Chairman of the Board
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Chairman of the Board’s Roles
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The actual term "chairman" is derived from feudal England where the King sat alone on a chair for the rest of his royal bench to see. So, the term "chairman" has come to represent a position of power. Frank Sinatra even acquired the nickname "Chairman of the Board" after founding Reprise Records because of the prestige that the title holds (Sinatra did not actually head a Board of Directors).

The Chairman of the Board of Directors is kind of like the captain of a ship, and can have many roles and duties. The Chairman must first be a director on the Board of Directors. The Chairman must generally perform duties that may be assigned to him or her by the Board of Directors. The Chairman may also be an officer, but doesn’t have to be.

The Chairman oversees how the board of directors of a corporation operates and helps lead the board in making big company decisions. The Chairman must work to unify, inspire, and manage the workings of the board of directors in order to give the company proper direction. The Chairman may also often act as a spokesperson for the corporation by conducting interviews and other public relations events.

Overall, the position of Chairmen can be classified into 2 broad types: (i) non-executive and (ii) executive. A non-executive chairman is generally a temporary position that provides support and advice to the Chief Executive Officer, CEO for short. An executive chairman can often be a full-time position which leads the board and even takes on some day-to-day responsibilities of the corporation.

As you can see, a Chairman’s roles and duties can differ depending on the size, structure, and industry of the corporation. With that said, some general duties of the Chairman include the following:
  • Run board meetings
  • Set agendas for the board
  • Create subcommittees for the corporation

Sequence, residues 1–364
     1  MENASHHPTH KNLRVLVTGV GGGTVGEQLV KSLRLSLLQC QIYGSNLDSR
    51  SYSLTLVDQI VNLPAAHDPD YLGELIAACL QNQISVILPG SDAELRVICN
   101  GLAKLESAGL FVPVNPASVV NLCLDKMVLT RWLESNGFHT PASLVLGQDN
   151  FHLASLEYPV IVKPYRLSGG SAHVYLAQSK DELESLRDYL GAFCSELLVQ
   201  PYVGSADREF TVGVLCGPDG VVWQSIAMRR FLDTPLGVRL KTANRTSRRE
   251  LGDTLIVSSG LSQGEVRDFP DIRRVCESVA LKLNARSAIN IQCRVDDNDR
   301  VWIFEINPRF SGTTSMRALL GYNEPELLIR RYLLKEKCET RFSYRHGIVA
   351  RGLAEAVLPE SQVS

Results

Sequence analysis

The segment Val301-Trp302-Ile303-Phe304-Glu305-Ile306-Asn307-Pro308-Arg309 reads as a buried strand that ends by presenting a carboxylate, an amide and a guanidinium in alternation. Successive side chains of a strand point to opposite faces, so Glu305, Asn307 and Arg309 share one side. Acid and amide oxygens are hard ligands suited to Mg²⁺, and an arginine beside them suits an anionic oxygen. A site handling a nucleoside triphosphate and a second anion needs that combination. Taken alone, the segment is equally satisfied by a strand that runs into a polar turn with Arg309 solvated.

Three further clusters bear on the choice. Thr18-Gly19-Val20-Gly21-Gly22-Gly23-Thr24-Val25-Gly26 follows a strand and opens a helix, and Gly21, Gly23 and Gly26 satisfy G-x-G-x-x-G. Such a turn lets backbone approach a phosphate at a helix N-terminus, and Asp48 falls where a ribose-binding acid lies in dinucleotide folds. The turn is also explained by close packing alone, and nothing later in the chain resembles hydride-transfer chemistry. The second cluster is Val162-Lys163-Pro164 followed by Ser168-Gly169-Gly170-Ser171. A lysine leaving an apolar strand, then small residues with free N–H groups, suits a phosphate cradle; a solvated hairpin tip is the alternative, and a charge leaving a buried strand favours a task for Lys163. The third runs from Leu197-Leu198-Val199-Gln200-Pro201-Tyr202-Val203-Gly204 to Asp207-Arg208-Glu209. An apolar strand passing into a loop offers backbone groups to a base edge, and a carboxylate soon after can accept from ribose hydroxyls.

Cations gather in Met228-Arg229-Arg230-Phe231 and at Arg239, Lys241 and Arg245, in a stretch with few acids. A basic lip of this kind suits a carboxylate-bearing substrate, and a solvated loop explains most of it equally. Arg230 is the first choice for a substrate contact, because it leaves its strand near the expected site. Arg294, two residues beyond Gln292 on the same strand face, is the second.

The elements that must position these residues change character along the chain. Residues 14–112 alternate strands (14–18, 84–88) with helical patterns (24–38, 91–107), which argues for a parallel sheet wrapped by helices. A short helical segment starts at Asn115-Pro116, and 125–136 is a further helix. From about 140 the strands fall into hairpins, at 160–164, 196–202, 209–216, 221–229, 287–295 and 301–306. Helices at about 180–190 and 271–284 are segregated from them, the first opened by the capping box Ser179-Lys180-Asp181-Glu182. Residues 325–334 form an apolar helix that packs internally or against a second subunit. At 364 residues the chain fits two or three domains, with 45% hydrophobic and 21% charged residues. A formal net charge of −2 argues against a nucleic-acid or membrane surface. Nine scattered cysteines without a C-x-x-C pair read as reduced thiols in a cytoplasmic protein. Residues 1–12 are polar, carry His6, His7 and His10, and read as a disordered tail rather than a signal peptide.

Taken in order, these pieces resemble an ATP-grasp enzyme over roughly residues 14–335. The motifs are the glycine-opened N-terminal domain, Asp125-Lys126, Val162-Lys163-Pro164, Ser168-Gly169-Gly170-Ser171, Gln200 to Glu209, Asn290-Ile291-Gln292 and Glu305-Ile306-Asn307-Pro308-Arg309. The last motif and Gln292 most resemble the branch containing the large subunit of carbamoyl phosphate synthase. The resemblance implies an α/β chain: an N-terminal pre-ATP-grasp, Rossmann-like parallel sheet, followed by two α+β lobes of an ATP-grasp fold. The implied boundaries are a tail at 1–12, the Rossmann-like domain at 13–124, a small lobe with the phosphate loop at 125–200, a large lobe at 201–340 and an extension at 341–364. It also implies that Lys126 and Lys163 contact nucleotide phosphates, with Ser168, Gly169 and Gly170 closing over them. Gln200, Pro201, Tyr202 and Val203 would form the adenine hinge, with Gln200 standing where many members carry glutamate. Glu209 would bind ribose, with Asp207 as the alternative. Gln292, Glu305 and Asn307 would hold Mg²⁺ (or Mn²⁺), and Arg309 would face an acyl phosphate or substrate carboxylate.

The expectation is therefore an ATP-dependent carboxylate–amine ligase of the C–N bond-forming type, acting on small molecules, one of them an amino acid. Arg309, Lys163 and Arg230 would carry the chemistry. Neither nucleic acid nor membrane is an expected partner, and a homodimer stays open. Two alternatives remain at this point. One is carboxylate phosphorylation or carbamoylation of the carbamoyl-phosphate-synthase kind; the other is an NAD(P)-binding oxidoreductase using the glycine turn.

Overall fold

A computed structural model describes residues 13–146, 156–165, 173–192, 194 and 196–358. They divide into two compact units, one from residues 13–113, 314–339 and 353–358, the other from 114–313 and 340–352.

• Provide financial advice
  • Critique performance of the corporation
  • Provide certain administrative duties
  • Oversee officers’ work
  • Provide recommendations for improving performance
  • Attend other meetings, like shareholder meetings
  • Determine compensation structure of board, if any
  • Attempt to get all board members to contribute
  • Consult outside advisory boards for certain information
When it comes to voting at board meetings, the bylaws or a vote of the board generally dictates how the chairman can vote. The chairman generally can vote in 2 ways: (i) to break up ties or (ii) or on any issues other directors can vote on, i.e. a regular vote.

NOTE: There is only 1 chairman on the board of directors. The board of directors generally has between 3 and 11 directors. Larger corporations generally have anywhere from 7 to 11 directors, or more. U.S. law requires that a corporation have at least 3 directors, unless there are only 2 shareholders or less in the entire corporation (e.g. with small corporations). If there are 2 shareholders or less, then there must be at least that many directors. So, if there are only 2 shareholders, there must be 2 directors. If there is only 1 shareholder, then the corporation must have 1 director.

Next, let’s take a look at chairmen of some of the world's most famous corporations.

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